Shortly after 5:00 a.m. on December 26, 1996, Patsy Ramsey woke up in her Boulder, Colorado home to find a ransom note. The note, addressed to her husband John, stated that their six-year-old daughter JonBenét had been kidnapped. In order for her safe return, the kidnappers demanded a ransom of $118,000 – almost exactly the same amount as the bonus that John had recently received. When Patsy went to JonBenét’s room and discovered that she was not there, the police were called by 5:25 a.m., despite the ransom note’s threat that JonBenét would be killed if the police were notified.
According to the note, the kidnappers would call John Ramsey to give him instructions to deliver the money, which he and Patsy were already working on gathering when the police arrived to their home. That call never came.
Police quickly began to suspect that John and Patsy may somehow be involved in their daughter’s disappearance. However, from this point on police made a number of critical errors that seriously corrupted the crime scene which contributed to the case going cold.
First, they did not do a full search of the property. Second, the investigators did not seal off the area, which allowed friends and family to come and go and which jeopardized evidence. Third, one of the detectives assigned to the case asked John and a family friend, Fleet White, to search the house on their own that afternoon. John and Fleet began their search in the basement, and it ended there at approximately 1:00 p.m. when they found JonBenét’s body, eight hours after she was reported missing.
JonBenét’s body was covered in her white blanket. Under the blanket, she had a nylon cord wrapped around her neck, her wrists were tied up above her head, and she had duct tape covering her mouth. An autopsy was performed, which determined that she had died of strangulation and a fractured skull. She was strangled using a garrote made from a tweed cord and a broken paintbrush handle. The garrote showed an advanced knowledge of knots. The autopsy also found that while there was no evidence of rape, there was the possibility of sexual assault.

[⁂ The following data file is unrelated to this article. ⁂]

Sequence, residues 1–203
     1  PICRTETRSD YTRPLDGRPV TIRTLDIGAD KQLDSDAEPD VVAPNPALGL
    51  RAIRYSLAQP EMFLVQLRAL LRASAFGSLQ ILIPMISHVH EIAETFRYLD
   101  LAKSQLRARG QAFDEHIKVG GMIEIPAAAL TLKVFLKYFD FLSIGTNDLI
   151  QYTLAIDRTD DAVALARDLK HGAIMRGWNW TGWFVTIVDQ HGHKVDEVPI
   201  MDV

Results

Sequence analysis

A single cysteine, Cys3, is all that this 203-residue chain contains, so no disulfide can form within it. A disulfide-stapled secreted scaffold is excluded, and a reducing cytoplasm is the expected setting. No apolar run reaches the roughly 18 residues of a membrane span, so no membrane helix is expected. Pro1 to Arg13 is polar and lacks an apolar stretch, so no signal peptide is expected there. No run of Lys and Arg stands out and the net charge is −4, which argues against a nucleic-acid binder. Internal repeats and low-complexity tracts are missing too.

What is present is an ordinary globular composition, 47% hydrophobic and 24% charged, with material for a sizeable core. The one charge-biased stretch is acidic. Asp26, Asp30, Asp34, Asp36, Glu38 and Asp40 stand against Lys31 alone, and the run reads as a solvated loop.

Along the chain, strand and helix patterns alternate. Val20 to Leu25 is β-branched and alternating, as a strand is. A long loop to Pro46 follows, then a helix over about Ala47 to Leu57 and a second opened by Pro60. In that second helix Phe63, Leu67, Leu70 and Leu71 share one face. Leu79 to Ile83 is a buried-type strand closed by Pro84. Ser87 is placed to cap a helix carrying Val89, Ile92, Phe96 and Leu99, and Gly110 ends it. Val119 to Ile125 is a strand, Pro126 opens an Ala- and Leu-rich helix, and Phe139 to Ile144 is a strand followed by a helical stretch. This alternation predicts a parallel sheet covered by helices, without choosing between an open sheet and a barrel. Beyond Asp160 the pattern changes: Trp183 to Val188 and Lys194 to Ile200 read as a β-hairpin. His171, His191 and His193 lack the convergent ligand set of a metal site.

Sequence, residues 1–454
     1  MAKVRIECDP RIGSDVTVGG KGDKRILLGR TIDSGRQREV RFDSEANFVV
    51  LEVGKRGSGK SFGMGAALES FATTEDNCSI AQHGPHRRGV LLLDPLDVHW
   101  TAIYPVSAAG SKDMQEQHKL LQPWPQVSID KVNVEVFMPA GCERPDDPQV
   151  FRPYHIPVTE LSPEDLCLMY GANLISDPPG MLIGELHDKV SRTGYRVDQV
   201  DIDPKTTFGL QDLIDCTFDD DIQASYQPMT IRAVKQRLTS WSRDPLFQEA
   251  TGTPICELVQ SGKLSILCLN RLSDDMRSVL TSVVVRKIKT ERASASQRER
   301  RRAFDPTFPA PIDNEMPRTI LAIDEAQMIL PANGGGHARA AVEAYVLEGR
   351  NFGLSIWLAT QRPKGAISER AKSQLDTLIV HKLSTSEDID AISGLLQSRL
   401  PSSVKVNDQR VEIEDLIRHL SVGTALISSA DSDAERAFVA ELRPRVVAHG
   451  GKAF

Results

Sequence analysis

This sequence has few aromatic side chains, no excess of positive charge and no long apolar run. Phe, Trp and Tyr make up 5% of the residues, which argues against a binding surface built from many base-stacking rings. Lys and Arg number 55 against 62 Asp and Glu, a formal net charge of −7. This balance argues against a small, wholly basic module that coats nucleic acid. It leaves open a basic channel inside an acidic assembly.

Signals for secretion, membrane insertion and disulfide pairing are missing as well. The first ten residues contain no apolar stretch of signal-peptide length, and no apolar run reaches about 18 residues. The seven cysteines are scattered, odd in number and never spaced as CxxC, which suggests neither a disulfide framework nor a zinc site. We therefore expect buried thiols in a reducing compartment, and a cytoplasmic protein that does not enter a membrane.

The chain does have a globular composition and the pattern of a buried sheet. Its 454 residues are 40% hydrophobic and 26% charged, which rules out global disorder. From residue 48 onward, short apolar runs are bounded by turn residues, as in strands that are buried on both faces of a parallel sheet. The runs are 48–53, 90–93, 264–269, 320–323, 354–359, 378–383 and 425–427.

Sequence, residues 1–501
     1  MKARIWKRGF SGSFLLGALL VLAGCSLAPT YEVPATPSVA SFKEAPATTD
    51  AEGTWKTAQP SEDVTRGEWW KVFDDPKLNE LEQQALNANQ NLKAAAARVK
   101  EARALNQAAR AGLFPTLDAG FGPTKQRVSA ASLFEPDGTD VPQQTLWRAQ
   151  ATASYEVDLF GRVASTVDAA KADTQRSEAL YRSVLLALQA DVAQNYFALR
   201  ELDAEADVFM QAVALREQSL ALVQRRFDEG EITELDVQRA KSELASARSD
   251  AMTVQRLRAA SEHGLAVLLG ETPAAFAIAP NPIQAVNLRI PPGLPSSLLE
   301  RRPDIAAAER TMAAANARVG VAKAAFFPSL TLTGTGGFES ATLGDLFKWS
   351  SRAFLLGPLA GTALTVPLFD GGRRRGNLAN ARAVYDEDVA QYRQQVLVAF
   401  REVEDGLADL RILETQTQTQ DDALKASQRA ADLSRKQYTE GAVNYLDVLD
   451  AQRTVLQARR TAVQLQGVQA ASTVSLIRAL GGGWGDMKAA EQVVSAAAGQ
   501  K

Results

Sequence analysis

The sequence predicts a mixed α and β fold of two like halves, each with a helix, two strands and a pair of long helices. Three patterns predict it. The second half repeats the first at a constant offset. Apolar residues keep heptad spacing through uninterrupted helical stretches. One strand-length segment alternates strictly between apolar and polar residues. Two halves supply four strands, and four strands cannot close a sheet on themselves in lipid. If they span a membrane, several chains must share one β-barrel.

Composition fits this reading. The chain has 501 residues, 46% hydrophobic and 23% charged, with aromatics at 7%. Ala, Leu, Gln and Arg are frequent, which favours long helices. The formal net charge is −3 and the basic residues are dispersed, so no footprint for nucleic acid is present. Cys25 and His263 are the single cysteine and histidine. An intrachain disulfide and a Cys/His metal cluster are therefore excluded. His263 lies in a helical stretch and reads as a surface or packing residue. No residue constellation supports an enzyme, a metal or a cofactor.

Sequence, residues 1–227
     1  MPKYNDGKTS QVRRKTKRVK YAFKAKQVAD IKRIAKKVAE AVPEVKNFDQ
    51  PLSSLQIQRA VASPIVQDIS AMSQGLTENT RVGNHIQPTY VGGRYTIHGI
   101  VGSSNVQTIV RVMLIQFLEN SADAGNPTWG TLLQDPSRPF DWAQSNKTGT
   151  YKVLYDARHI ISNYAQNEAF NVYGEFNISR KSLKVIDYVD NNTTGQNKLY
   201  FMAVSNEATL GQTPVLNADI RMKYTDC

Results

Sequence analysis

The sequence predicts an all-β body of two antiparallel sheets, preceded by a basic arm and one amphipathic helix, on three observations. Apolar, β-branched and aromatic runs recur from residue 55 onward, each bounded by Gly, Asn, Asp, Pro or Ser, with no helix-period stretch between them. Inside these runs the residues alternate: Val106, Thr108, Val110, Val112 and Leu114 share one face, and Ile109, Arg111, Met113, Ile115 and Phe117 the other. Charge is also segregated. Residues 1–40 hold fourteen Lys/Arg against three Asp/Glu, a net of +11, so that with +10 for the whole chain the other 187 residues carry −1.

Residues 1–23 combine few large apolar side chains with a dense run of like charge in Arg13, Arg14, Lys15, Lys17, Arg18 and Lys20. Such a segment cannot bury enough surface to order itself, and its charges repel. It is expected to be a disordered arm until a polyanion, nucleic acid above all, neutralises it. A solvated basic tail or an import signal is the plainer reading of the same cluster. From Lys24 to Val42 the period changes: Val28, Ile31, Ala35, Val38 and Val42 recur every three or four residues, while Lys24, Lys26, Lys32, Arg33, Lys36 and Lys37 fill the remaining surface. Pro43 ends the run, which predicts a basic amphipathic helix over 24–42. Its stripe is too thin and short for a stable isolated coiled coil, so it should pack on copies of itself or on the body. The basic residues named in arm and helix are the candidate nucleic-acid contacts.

JonBenét’s body had entered advanced rigor mortis, which led investigators to conclude that the time of death was between 10:00 p.m. on December 25 and 6:00 a.m. on December 26; however because her remains had already begun to exhibit signs of decomposition by the time they were found, investigators believe that she died closer to 10:00 p.m. Christmas Day.
Investigators found several other key pieces of evidence at the surrounding crime scene. First, the initial police report stated that there were several open windows and at least one open door in the house that night, making it easier for a potential intruder to gain entry. There was also a broken window in the basement that could not be properly closed. This is considered one of the most likely entry points to what would become the crime scene. However, knowledge of this broken window was not made available until a year after the murder, possibly due to the public consensus that the Ramseys were the perpetrators and didn’t need to gain entry into their own home.